Thursday, March 3, 2011

Greer Likely To Remain In Prison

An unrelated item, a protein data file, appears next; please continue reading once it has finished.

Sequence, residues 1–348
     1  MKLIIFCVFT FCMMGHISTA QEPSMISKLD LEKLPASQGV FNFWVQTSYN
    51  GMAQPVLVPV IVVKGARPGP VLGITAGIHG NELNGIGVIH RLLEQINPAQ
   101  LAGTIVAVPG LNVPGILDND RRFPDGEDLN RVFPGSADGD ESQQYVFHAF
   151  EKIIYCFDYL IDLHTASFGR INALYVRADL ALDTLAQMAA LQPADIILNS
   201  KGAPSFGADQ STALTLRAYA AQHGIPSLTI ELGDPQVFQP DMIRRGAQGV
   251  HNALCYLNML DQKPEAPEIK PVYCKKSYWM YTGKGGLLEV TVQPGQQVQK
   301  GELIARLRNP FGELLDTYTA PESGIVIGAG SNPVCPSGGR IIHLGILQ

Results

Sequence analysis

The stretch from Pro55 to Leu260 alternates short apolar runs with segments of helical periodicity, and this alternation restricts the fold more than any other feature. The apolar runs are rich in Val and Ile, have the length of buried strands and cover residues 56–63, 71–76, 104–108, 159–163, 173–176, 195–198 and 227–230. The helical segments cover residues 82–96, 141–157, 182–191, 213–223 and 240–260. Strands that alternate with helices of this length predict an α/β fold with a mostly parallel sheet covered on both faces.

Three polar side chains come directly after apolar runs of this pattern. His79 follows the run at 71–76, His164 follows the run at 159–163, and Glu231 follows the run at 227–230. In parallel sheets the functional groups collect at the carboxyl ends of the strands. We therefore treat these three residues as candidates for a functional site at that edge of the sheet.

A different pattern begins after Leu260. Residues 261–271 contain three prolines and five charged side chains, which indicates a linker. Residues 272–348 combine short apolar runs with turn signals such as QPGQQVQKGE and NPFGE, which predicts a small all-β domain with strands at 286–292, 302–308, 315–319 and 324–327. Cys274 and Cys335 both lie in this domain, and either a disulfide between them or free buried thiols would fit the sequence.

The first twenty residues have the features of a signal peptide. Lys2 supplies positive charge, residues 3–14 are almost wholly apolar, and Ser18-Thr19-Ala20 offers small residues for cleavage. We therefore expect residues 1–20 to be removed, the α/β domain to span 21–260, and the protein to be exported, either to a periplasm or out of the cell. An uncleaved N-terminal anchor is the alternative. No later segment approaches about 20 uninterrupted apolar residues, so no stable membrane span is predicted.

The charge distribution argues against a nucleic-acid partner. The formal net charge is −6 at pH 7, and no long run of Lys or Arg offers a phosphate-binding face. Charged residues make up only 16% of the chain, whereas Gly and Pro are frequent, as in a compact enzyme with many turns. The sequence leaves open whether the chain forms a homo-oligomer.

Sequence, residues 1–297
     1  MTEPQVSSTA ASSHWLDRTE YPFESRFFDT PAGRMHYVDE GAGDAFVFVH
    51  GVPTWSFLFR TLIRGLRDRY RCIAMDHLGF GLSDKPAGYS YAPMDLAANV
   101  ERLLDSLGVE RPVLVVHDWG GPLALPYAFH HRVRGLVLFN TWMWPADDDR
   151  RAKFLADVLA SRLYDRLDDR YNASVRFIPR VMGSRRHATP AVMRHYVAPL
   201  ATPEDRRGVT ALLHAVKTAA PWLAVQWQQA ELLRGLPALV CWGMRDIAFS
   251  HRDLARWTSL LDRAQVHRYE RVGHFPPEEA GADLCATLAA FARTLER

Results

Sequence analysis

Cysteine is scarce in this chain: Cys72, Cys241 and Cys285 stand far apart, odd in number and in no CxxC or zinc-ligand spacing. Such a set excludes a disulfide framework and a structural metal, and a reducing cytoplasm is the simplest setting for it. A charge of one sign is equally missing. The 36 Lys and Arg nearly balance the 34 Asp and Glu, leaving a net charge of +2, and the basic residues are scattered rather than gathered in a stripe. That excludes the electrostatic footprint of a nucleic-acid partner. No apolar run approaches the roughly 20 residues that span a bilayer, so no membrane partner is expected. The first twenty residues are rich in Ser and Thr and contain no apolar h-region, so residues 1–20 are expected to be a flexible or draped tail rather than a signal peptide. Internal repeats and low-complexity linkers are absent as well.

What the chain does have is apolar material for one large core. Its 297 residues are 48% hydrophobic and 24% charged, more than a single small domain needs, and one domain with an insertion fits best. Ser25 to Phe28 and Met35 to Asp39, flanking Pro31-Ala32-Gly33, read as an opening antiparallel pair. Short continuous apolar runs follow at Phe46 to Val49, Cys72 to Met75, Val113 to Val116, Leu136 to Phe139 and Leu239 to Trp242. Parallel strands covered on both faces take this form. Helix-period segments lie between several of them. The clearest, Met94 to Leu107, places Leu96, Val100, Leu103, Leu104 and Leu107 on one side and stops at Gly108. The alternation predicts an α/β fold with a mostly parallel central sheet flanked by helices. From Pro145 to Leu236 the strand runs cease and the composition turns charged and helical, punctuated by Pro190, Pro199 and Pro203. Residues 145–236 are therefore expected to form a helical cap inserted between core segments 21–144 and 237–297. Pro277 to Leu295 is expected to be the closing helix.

Convicted murderer Arthur Greer is unlikely to be granted parole, despite new evidence that suggests he may not have killed 14-year-old Sharon Mason, according to former attorney-general Jim McGinty. Greer has served 16 years of his life sentence, more than double the minimum term set by the Supreme Court, but has had his parole request continually knocked back by the Prisoners Review Board. His pro bono lawyer Jonathan Davies has applied to the board to allow Greer parole in light of the new evidence, which may explain his long-standing refusal to accept responsibility for the schoolgirl's murder. The evidence uncovered by John Button, who was also wrongly convicted over a murder committed by serial killer Eric Edgar Cooke, was presented to the Innocence Project in WA and Edith Cowan University law students, as well as criminologists and psychologists. His years as a builder meant he was able to find a discrepancy about where the plumbing was on the Mosman Park site where Ms Mason's remains were found. It is now suggested that the remains were above pipes that were installed after the girl's disappearance in 1983, and were not located under a shed then-belonging to Greer, which was thought to have concealed the burial spot. Greer has a violent criminal record, including being convicted of sexual assault, and has been described as "a sexual, predatory psychopath". Yet advocate Estelle Blackburn said the hairs found in Ms Mason's underwear, when her body was recovered, did not match Greer's, nor did fingerprints found on the rubbish bags that housed Ms Mason's remains. Ms Blackburn said witnesses attested that they saw Ms Mason running down Stirling Highway at 10 o'clock at night looking distraught after police alleged she had been murdered. She said she had her own theories about who killed Ms Mason but ruled out Ms Mason's father, who committed suicide after coming under the spotlight during the police investigation into her disappearance. Ms Mason's mother, who was divorced at the time of her daughter's disappearance, was haunted by reminders of her daughter's gruesome death every time Greer came up for parole, Mr McGinty said. Mr McGinty was in his role as attorney-general when Greer's parole was first considered in 2001 and said he considered deporting the Liverpool-born Greer but the board rejected parole on the basis that it needed to protect the larger community, not just in Western Australia. "If there was new evidence like there was in many, many cases such as the Micklebergs, Mallard and Beamish I would have had no hesitation in bringing it for reconsideration before the courts but I can't really comment on this (evidence)," Mr McGinty said. He said Andrew Mallard, who was wrongly convicted over the murder of Mosman Park jeweller Pamela Lawrence, had "significant evidence proving his innocence" and Greer's case was "not as conclusive", despite many lawyers arguing that his conviction was based on circumstantial evidence. Mr McGinty said even Mr Mallard had to remain in custody well after he was cleared by court, pending a new trial that was eventually abandoned by the Department of Public Prosecutions. He said it was unlikely the Prisoners Review Board would grant Greer parole to compile an appeal and ultimately the decision would have to be approved by the current Attorney-General Christian Porter, who could take into account public sentiment. "It would be unusual for someone to be released on parole in a murder case and from what I know of this case I wouldn't at all be enthusiastic over the prospect of release." Read more:

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